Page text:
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EDPT Test: Study Guide, Scores and Practice Tests

Last Updated on August 7, 2023

The Electronic Data Processing Test or EDPT is a grueling exam used by only two sectors of the US military services branches. The Air Force and the Marine Corps use the EDPT for their computer programming positions that require a high level of competency.

The test has multiple-choice questions and a total score of 120 points. Each candidate is given 90 minutes to complete this challenging electronic data processing test and prove they have what their desired jobs require.

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It’s important to remember: the test is not scored negatively so it’s important to answer every question regardless if you’re completely confident that it’s the correct answer.

The EDPT Test Comprises Of:

The test assesses someone’s logical capabilities. There are 120 questions on the test, in four different areas:

Change Comparisons and Analogies:

You are shown three geometric shapes. You will then select a fourth shape that corresponds to the third in the same way the second shape speaks to the first. The fourth shape is selected from a list of multiple-choice options This is much like the object assembly portion of the ASVAB test but is supposedly more difficult.

What’s being tested in this section is one’s abstract reasoning using geometric analogies. Each test taker is asked to analyze visual information that can be reconfigured and formulated to have logical references and comparisons.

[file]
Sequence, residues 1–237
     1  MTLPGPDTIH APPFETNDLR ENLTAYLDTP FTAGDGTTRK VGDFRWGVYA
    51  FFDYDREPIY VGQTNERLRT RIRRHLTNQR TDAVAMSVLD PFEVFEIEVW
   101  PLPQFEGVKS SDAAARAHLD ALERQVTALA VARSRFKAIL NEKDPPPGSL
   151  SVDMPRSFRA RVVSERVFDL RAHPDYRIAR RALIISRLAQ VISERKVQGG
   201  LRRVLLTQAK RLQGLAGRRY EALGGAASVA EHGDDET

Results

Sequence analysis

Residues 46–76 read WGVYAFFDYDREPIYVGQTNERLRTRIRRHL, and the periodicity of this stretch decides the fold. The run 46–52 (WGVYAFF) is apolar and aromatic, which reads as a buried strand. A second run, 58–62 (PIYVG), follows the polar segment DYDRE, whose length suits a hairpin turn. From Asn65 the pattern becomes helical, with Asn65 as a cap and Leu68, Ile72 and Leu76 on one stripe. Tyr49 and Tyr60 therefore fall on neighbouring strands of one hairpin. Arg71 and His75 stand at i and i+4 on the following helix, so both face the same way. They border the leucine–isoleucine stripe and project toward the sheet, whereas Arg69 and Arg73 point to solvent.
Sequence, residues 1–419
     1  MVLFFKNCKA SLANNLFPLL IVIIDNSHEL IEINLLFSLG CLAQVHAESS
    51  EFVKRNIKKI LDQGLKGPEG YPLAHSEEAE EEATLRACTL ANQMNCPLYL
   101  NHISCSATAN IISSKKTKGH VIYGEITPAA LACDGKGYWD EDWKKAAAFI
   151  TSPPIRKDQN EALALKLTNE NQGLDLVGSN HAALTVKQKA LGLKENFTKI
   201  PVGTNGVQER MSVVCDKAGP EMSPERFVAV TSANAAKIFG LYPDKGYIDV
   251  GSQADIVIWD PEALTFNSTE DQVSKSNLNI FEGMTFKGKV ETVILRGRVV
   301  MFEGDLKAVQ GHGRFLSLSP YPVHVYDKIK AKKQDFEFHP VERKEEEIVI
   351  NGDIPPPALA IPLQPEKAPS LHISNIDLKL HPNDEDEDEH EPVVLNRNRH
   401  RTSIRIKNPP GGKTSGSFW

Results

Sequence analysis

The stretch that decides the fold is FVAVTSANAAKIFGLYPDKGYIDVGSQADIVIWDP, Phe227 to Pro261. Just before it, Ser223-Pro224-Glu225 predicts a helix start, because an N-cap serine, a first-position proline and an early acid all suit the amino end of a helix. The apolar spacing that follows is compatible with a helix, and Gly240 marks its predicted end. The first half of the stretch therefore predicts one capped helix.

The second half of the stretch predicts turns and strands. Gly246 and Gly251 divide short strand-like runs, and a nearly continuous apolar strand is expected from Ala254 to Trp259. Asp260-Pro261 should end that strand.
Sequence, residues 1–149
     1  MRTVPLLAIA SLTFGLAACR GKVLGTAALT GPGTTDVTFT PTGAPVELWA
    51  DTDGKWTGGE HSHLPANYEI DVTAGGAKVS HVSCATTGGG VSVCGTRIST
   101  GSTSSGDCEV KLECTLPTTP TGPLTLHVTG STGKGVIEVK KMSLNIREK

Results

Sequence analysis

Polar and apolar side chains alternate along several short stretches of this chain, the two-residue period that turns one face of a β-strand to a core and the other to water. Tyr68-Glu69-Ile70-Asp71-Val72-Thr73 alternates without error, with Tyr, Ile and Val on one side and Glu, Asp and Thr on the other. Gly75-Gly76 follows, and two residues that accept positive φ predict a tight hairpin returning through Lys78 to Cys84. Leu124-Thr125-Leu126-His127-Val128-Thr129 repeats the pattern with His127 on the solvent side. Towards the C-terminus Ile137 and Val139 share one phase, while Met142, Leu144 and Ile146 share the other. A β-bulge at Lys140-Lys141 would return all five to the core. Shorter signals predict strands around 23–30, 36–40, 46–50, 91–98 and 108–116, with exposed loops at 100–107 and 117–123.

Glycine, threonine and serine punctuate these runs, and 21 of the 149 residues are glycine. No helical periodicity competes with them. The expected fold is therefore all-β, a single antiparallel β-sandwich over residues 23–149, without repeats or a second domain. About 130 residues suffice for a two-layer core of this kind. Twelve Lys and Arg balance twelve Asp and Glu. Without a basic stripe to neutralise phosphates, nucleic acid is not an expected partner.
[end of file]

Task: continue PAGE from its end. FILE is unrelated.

This section asks candidates to solve complex and unfamiliar problems which depend on prior knowledge and logical reasoning and assumptions.

Numbers Logic:

This portion of the test measures your ability to decode continuous patterns of numbers as well as other mental arithmetic skills. We can assume the EDPT test uses number sequencing patterns and problems because they are a great way to measure a candidate’s aptitude for pragmatism and solving problems accurately as well as quickly.

An example question may be: the following series of numbers: 1, 3, 5, 7, and ask what the next number is based on the previous number. Of course, such an easy example like this won’t be in the EDPT (the answer is 9, naturally).

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Algebra/Math Problems:

This section of the tests asks you to solve various algebra equations and word problems that make use of your understanding of algebra and your own logic.

The algebra problems in this section are reported to have very logical and neat solutions. However, there is very little information given on all aspects of the problem.

Some test takers say that they spent a lot of time on this section of the EDPT because it contains complex algebraic problems. Some of them wish that they moved on to the more easy or less time-consuming sections of the test. Again, the actual math of these problems is not the most complex but finding the most logical solution is the challenge and the real purpose of the assessment.


Here’s a sample analogy: “Hoof is to Horse as Paw is to (blank)” You will be given four possible answers (example: dog, octopus, zebra, alligator).

Just like the mathematical analogies, this section is assessing one’s ability to make logical and educated assumptions based on context, experience, and intuition.